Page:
Judgments - Whistler International Limited v. Kawasaki Kisen Kaisha Limited On 7 December 2000

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    The charterers were also under an obligation to furnish the captain of the vessel from time to time with all requisite instructions and sailing directions. (cl.11) The captain was to prosecute his voyages with the utmost dispatch and was, although appointed by the owners, to be under the orders and directions of the charterers as regards employment and agency. (cl.8) The vessel was to have the liberty to deviate for the purpose of saving life and property (cl.16) and by reason of the incorporation of the amended Hague Rules (v. inf.) any other reasonable deviation was permitted. (Art.IV r.4)

    The charterparty also incorporated no fewer than three clauses paramount but no point arose on their application (Adamastos Shipping Co. Ltd. v Anglo-Saxon Petroleum Co. Ltd. [1959] AC 133) nor as to which one was relevant. It was accepted that their effect was to incorporate an exception for loss or damage arising from the act, neglect or default of the master in the navigation or management of the ship in Article IV rule 2(a) of the amended Hague Rules.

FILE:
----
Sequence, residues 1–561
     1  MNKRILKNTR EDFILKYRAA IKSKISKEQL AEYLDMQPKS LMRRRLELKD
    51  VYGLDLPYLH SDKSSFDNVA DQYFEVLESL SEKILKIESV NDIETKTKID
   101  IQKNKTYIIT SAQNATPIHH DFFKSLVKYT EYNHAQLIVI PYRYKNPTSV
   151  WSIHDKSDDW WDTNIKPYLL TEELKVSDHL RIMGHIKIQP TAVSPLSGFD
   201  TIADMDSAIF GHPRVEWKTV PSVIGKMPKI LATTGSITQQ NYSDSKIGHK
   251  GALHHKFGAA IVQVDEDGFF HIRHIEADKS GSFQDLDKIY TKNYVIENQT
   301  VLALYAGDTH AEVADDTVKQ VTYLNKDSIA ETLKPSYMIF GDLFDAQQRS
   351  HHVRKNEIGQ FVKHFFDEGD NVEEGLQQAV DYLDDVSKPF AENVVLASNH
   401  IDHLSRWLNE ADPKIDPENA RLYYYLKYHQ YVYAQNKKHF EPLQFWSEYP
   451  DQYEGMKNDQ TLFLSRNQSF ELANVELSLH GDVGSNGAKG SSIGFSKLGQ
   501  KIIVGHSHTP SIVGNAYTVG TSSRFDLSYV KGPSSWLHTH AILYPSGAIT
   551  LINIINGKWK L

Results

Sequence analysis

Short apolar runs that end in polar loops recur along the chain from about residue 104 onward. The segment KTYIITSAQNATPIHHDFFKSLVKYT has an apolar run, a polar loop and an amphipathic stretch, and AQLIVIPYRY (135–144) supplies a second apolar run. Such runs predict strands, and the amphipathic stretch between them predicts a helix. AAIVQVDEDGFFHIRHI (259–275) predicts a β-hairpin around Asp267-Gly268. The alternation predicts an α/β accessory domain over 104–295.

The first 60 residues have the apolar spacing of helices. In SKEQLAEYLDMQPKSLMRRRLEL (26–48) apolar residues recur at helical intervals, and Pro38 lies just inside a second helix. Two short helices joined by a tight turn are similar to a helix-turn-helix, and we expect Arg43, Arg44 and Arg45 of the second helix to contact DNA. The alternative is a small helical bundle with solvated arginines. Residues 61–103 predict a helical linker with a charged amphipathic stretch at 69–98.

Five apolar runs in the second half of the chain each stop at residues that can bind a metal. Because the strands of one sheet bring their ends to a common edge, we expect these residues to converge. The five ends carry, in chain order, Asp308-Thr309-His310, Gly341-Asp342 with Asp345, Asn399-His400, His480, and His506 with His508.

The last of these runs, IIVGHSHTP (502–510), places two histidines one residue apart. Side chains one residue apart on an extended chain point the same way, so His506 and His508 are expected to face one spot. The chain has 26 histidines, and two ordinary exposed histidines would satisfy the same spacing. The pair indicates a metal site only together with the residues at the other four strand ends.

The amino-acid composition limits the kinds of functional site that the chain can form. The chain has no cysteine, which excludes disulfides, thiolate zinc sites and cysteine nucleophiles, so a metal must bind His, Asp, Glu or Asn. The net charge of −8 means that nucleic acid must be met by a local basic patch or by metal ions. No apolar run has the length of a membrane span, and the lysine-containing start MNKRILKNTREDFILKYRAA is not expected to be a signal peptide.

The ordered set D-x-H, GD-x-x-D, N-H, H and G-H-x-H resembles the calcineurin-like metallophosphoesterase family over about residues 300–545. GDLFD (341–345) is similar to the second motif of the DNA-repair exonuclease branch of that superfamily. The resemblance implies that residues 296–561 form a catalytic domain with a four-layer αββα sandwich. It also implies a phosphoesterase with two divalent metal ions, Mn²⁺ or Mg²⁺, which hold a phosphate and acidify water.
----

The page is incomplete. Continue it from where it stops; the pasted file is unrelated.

The charterers' allegation was that the owners had been in breach of their obligation to prosecute the relevant voyages with the utmost dispatch and to comply with charterers' orders to proceed by the shortest route. The owners' response was that the orders and the choice of route did not relate to the employment of the vessel but to its navigation and all matters of navigation were within the sole province of the master to decide and, if he was in any way at fault, owners' liability was excluded under Article IV rule 2(a). The dispute therefore raised a question of the scope of the contrasting terms "employment" and "navigation" as used in this type of charterparty.